MOVIE: *** (out of 5)
DVD EXPERIENCE: *** (out of 5)
Dennis Quaid as LAWRENCE WETHERHOLD
Sarah Jessica Parker as JANET HARTIGAN
Thomas Haden Church as CHUCK WETHERHOLD
Ellen Page as VANESSA WETHERHOLD
Directed by: Noam Murro
BY KEVIN CARR
Have you ever had someone correct your spelling in a friendly email? Or, have you ever written or typed something only to have someone hand it back to you with red-pen corrections like some pretentious English teacher? I hate that.
These are the kind of people featured in the film “Smart People.” Instead of being a film that revels in white trash stupidity, it revels in over-intellectual stupidity. The characters in “Smart People” might have high IQs, but they are woefully inept at dealing with others in a social context.
This film follows a family of pompous windbags who lead horribly dysfunctional lives. Dennis Quaid stars as Lawrence Wetherhold, a self-important literature professor who hasn’t gotten over his wife’s death. His daughter Vanessa (Ellen Page) is an overly-ambitious girl who is more interested in career and college than having a good time.
After suffering a head injury, Lawrence discovers his doctor is a former student, and after getting over a whole bag of interpersonal problems, try to have a go at a relationship. While this is happening, Lawrence’s adopted brother Chuck (Thomas Haden Church) breezes into town and throws the family into a whirlwind. However, it is the brother of lesser intelligence that inspires both Lawrence and Vanessa to begin living their lives and not get caught up in their own airs.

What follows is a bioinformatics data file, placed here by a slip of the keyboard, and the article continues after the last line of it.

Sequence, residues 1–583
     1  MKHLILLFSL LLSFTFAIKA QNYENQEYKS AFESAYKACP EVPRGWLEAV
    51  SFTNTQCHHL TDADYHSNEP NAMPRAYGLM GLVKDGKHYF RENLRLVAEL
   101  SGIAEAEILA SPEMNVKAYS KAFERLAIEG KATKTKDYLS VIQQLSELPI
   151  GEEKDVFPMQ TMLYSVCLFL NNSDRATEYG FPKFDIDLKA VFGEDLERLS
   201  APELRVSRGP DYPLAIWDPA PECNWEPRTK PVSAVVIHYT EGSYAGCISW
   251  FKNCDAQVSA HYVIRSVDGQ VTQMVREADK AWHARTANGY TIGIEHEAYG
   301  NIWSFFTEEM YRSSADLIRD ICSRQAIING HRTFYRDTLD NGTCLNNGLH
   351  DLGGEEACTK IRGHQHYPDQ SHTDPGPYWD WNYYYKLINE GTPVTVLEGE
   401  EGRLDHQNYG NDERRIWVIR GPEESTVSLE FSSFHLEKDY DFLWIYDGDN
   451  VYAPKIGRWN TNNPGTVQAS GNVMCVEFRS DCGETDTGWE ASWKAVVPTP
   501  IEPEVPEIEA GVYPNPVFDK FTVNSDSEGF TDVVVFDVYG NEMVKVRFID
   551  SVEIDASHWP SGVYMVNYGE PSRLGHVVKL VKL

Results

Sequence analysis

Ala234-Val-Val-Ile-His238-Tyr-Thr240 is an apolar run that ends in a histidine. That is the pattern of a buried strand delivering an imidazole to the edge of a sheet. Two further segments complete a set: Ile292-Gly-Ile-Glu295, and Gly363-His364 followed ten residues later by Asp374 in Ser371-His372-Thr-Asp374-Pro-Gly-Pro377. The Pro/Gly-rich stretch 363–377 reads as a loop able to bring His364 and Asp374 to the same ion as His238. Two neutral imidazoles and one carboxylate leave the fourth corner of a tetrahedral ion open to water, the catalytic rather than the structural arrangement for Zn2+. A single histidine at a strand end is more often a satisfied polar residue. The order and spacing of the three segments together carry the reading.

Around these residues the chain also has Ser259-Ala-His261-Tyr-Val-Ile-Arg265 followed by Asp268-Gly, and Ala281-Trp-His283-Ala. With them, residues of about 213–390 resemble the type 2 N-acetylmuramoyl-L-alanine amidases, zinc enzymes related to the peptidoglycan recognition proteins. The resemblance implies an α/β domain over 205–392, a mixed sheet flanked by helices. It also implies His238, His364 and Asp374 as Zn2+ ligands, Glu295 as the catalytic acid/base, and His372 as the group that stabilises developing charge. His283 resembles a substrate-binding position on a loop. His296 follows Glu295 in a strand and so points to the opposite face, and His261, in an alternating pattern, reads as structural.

The charm of “Smart People” is watching these characters squirm and eventually come out of their shells. Ellen Page shows only a modicum of range as the character of Vanessa is nothing more than a non-pregnant June. Sarah Jessica Parker comes off well, although her similar appearance in “The Family Stone” is hard to top in terms of comedies of family dysfunction. But it’s Thomas Haden Church, ironically playing the only non-smart person in the film, that really steals the show.
When it comes to pompous intellectual windbag characters, Noah Baumbach broke the mold with his wretched family in “The Squid and the Whale,” but “Smart People” comes in a close second. Director Noam Murro gets a little high on himself with looking down on everyone from academic types to college Republicans, but fortunately he spends his time behind the camera letting good actors tell a good story.
The DVD comes with a handful of deleted scenes, bloopers and interviews with the filmmakers and cast. There’s a feature commentary by director Murro and writer Mark Jude Poirier, but I wouldn’t suggest listening to it. They come across as pompous and windbaggy as the characters they’re sending up in the film.